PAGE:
Dakota Access pipeline (DAPL) environmental study may take months From an Article by Blake Nicholson, Houston Chronicle (Associated Press), July 18, 2017 BISMARCK, N.D. – Additional environmental review of the disputed Dakota Access oil pipeline is likely to take the rest of the year to complete, U.S. officials said in court documents in which they [...]

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Part 2. The True Price of Power — Coal & Natural Gas

July 19, 2017

Coal & Natural Gas and the True Price of Power, Part 2 From a Report by Glynis Board, Ohio Valley ReSource, WFPL – NPR, July 17, 2017 ‘Where Paradise Lay‘ Coal is showing its age. The average age of coal plants in the U.S. today is about 40 years and for the past couple of [...]

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Part 1. The True Price of Power — Coal & Natural Gas

July 18, 2017

Paradise Cost: Coal, Natural Gas, And The True Price Of Power, Part 1 From a Report by Glynis Board, Ohio Valley ReSource, WFPL – NPR, July 17, 2017 Thanks to singer-songwriter John Prine, Paradise Fossil Plant might be the only coal-fired power plant that has a household name. “Paradise,” Prine’s 1971 ballad, drew on boyhood [...]

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Outdoor Chapel Now Blocking Atlantic Sunrise Pipeline in PA

July 17, 2017

Nuns to dedicate outdoor chapel built in the path of proposed pipeline From an Article by Amanda Watts and Paige Levin, CNN, July 8, 2017 An open-air chapel set up by Catholic nuns to block construction of a natural gas pipeline in Pennsylvania will be dedicated Sunday on a spot directly in the pipeline’s proposed [...]

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Fracking is Ill Advised in Wayne National Forest (Ohio River Valley)

July 16, 2017

Government Violating Own Laws to Pave Way for Fracking Plan in Ohio’s Only National Forest From an Article of the Center for Biological Diversity, EcoWatch.com, July 6, 2017 Conservation groups Wednesday expanded a lawsuit challenging a U.S. Forest Service and Bureau of Land Management plan to permit fracking in Ohio’s only national forest. The groups [...]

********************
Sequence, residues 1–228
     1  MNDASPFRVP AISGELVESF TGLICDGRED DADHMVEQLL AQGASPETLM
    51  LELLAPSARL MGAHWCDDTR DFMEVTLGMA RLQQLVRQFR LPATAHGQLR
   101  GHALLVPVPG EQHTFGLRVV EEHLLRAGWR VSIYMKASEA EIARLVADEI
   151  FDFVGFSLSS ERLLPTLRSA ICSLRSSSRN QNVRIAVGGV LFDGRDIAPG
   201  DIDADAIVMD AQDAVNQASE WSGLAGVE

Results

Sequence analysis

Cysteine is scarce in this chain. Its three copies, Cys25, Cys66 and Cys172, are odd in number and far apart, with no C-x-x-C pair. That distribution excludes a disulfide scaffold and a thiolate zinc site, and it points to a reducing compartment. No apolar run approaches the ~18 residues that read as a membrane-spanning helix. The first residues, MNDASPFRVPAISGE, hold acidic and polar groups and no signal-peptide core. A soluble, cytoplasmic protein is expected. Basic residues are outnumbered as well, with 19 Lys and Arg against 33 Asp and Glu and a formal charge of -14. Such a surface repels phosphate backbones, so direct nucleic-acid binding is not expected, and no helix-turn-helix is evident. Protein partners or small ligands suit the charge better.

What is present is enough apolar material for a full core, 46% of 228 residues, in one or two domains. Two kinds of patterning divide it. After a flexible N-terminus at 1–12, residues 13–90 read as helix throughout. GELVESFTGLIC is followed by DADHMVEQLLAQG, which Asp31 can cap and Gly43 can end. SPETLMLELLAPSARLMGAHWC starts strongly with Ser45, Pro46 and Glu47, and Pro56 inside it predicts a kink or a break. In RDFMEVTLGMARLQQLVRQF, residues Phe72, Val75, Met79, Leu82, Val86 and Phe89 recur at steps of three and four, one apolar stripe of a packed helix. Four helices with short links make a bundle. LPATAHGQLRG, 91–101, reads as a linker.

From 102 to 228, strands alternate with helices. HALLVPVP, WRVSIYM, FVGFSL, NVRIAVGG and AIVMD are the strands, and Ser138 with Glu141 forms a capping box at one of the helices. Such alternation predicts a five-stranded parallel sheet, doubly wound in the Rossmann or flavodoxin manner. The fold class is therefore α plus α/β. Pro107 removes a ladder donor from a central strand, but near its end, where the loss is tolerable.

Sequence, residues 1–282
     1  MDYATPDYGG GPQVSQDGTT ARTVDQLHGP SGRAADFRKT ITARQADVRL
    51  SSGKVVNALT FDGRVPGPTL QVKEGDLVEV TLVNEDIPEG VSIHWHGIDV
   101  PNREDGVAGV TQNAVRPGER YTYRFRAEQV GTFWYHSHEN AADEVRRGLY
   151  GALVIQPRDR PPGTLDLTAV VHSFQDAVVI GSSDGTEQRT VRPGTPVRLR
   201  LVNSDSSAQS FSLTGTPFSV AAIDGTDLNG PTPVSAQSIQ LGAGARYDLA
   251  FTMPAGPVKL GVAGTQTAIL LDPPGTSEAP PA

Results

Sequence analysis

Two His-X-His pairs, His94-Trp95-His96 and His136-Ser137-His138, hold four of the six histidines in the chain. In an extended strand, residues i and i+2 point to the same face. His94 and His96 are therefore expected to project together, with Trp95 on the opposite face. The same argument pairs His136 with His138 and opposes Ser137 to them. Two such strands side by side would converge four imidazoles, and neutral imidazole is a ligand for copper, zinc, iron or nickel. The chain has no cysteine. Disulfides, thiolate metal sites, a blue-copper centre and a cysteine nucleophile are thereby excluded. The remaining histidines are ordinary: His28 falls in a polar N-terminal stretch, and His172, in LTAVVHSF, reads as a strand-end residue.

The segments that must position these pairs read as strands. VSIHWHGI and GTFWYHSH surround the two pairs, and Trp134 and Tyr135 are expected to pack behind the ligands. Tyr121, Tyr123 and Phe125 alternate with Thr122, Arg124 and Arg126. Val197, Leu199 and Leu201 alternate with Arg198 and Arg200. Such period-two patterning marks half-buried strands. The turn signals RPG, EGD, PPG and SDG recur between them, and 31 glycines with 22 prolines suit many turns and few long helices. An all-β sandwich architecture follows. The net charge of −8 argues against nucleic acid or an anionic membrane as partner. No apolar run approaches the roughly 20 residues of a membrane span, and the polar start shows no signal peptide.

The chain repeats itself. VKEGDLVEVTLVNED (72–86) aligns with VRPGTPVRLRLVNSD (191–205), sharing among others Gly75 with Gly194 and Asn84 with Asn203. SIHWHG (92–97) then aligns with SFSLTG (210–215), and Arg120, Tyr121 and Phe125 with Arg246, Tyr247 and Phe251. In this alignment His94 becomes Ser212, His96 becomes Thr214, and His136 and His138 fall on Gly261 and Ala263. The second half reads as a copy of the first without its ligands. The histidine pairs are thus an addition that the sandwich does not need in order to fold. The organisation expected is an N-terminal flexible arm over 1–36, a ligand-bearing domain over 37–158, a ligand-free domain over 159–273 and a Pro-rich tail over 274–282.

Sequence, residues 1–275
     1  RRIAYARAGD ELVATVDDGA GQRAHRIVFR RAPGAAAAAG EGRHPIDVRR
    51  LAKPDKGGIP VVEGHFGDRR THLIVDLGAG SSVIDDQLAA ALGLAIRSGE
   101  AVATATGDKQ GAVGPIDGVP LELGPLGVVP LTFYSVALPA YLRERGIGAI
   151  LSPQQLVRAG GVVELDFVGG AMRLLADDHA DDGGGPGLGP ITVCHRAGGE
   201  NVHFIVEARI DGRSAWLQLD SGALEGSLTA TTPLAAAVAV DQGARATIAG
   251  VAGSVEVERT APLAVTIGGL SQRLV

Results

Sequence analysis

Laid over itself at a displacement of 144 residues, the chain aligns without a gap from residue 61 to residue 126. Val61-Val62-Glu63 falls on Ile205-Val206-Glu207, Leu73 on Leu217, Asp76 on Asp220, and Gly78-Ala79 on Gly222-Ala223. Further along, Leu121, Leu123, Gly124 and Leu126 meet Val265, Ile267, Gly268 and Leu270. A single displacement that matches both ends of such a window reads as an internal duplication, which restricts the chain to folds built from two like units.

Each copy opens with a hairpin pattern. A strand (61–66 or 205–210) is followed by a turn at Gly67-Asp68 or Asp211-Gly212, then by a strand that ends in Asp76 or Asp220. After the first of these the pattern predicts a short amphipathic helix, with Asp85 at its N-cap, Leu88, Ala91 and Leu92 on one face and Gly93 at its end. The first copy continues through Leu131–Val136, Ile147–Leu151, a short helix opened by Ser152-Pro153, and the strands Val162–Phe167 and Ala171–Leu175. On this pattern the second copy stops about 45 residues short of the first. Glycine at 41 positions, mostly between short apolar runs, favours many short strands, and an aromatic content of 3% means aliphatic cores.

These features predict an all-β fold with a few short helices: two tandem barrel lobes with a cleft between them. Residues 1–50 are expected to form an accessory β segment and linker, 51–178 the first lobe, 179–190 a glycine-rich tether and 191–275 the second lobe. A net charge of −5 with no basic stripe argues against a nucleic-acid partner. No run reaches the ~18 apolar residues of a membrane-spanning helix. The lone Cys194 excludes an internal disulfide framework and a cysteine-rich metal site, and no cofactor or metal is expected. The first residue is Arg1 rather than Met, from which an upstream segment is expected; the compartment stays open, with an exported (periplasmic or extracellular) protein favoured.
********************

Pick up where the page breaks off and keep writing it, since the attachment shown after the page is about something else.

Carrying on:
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FERC Investigating Misbehavior of Rover Pipeline in Ohio

July 15, 2017

Feds investigating Ohio pipeline over ‘misstatements’ From an Article by Timothy Cama, The Hill Newsletter, July 14, 2017 Federal officials are investigating the developer building a controversial natural gas pipeline over alleged “misstatements” regarding its construction in Ohio. Federal Energy Regulatory Commission (FERC) staff said in a Thursday notice that they preliminarily determined that Energy [...]

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Wind Mills Bring Balance to Energy Projects in West Virginia

July 14, 2017

Appalachian Power looks to acquire planned wind power projects, one in WV From an Article by Max Garland, Charleston Gazette-Mail, July 5, 2017 Appalachian Power is continuing its shift toward renewable energy, as the electric utility announced Wednesday it is seeking approval to acquire two wind power facilities under development. One of these projects, the [...]

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Antarctica Is Melting — The Larsen C Ice Shelf Collapse Is Just the Beginning

July 13, 2017

The massive iceberg that broke off the Larsen C Ice Shelf may be a harbinger of a continent-wide collapse that would swamp coastal cities around the world. Special Feature of National Geographic Magazine by David Fox, July 12, 2017 +++ (This story appears in the July 2017 issue of National Geographic magazine. It was first [...]